Don Davis has been the Forum Communications Minnesota Capitol Bureau chief since 2001, covering state government and politics for two dozen newspapers in the state. Don also blogs at Capital Chatter on Areavoices.
- Member for
- 2 years 2 weeks
ST. PAUL -- Minnesota Gov.
ST. PAUL -- Minnesota Gov. Mark Dayton says he is recovering well from back surgery, but if he is not better by Jan. 22 he may delay releasing his budget proposal. "If it goes well, I'll be 'back' on a public schedule, starting Tuesday, January 22nd, when I'll present my proposed budget for the next biennium, as required by state law," Dayton wrote on Facebook on Monday. "If not, I'll invoke the obscure clause in the Minnesota Constitution, which allows me a one-time, two-month extension." Jan.
ST. PAUL - U.S. Representative Collin Peterson, an accountant before turning politician, could not support budget legislation passed on New Year's night because it will grow the federal deficit by $3.9 trillion. "They spent more than they raised," the western Minnesota Democratic congressman said about those who voted for the measure in the name of deficit control. "So we are further behind." While more Democrats than Republicans voted for the bill to continue most tax cuts adopted under President George W. Bush, several from the Upper Midwest bucked the trend.
ST. PAUL -- Joe Moren taught high school students about the Electoral College for 40 years, but he really came to understand it Monday when he cast a vote for Barack Obama. The 82-year-old Hibbing man, one of Minnesota's 10 electors, has been active in Democratic-Farmer-Labor Party politics most of his life, but usually not in the spotlight, saying: "I enjoyed being a king-maker rather than a king." When he cast his vote Monday, he became the ultimate "king maker" along with 534 other electors around the country.
A farm bill awaiting congressional action is being viewed more and more as a partial solution to the federal government's debt and budget crisis. The farm bill and impending "fiscal cliff" are being linked because new federal farm policy could produce billions of dollars in savings. "There is a growing recognition that this could be part of the puzzle," said Senator Kent Conrad, the North Dakota Democrat who leads the Senate Budget Committee and is a key player in fiscal cliff negotiations. Added U.S.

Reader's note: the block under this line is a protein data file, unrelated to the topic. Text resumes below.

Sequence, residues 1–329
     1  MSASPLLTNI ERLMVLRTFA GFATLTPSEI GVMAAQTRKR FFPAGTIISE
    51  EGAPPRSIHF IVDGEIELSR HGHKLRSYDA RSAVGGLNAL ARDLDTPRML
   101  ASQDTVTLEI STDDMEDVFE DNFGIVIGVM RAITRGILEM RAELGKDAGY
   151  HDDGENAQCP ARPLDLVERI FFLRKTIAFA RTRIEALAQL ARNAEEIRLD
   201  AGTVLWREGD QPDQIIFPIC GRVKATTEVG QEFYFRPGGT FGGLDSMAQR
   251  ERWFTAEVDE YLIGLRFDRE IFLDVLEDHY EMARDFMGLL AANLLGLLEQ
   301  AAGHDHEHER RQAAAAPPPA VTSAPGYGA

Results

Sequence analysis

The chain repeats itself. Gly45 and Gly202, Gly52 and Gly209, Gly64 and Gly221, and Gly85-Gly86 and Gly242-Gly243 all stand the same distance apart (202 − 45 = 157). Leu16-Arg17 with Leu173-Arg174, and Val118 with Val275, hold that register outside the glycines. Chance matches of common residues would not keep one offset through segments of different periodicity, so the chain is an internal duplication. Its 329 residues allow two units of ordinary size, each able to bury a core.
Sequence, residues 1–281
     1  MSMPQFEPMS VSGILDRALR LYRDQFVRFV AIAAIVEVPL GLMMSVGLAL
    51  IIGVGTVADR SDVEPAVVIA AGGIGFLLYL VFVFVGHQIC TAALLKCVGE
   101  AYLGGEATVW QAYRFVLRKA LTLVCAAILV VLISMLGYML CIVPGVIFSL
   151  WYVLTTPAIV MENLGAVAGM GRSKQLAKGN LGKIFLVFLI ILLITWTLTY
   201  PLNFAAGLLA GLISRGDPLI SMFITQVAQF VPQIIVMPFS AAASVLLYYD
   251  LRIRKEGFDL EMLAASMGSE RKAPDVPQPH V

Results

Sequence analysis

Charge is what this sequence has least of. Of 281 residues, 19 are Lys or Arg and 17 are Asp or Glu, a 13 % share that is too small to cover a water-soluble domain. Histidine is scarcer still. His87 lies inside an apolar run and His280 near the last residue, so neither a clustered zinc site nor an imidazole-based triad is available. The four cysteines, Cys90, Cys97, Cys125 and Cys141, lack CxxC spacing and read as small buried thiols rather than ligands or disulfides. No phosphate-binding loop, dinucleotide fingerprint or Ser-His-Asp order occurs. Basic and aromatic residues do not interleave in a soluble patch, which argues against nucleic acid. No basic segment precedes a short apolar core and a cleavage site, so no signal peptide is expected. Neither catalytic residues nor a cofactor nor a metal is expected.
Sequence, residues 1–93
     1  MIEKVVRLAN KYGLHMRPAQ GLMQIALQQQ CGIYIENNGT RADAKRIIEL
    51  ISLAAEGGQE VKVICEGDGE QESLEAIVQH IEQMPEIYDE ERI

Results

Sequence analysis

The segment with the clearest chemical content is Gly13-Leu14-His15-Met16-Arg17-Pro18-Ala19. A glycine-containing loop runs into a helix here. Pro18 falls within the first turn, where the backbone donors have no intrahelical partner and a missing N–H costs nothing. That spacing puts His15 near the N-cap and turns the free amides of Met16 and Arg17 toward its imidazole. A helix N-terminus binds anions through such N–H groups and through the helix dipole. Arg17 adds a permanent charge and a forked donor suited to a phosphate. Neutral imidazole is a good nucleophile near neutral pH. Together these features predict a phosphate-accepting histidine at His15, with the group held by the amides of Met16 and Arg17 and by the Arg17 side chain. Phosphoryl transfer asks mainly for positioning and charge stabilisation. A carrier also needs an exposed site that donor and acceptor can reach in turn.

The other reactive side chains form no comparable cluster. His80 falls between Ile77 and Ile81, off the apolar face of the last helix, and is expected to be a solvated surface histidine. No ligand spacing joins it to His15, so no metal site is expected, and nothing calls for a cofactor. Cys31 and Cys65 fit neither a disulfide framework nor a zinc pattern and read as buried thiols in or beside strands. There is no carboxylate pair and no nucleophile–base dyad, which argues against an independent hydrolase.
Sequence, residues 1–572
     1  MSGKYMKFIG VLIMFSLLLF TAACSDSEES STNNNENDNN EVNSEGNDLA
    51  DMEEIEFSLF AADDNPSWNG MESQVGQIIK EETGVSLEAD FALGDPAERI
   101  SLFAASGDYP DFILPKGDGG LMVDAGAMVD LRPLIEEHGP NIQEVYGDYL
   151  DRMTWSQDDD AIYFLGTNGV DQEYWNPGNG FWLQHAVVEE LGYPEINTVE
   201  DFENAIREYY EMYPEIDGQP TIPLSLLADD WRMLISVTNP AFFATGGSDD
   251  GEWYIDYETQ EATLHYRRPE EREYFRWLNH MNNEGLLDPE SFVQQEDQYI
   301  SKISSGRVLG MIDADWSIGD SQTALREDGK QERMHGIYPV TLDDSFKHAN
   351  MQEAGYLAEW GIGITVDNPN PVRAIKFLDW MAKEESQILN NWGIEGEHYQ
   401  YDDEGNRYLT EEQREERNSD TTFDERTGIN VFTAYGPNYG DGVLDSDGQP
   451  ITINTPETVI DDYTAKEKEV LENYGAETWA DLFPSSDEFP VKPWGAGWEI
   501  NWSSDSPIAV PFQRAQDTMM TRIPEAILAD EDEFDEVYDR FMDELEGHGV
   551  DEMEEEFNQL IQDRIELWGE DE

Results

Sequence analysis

ST. PAUL -- Adults need to talk to children about the Connecticut elementary school shooting, but a Minnesota expert advises parents not to offer too much information. "You have to just strike a balance," Abi Gewirtz said. "Don't avoid it, but don't overwhelm them, either." The University of Minnesota professor encouraged parents to "keep on with your routines" and to answer questions about the shooting, which left 20 elementary school students dead. Parents need not offer a lot of information children do not seek, she said.
A two-day recount put Minnesota State Representative Mary Franson 12 votes ahead of Bob Cunniff, apparently sending her to a second term in the House. There are not enough ballots in question to give Cunniff the lead. The State Canvassing Board was expected to certify the vote on December 4. The final numbers were Franson - 10,642 and Cunniff - 10,630. Franson, R-Alexandria, picked up one vote Thursday during the Otter Tail County recount in Fergus Falls.
America's agriculture industry needs to be patient. Jennifer Duffy of The Cook Political Report said Tuesday that an overall budget-debt deal needs to happen before Congress can pass new federal farm policy. "I don't know how they pass anything that deals with revenue without dealing with the fiscal cliff," Duffy said, using a term in vogue about federal government budget problems due after December 31 unless Congress and President Barack Obama reach an agreement. In an interview after speaking to the Minnesota Agri-Growth Council's annual meeting, Duffy said, however, that "we are in very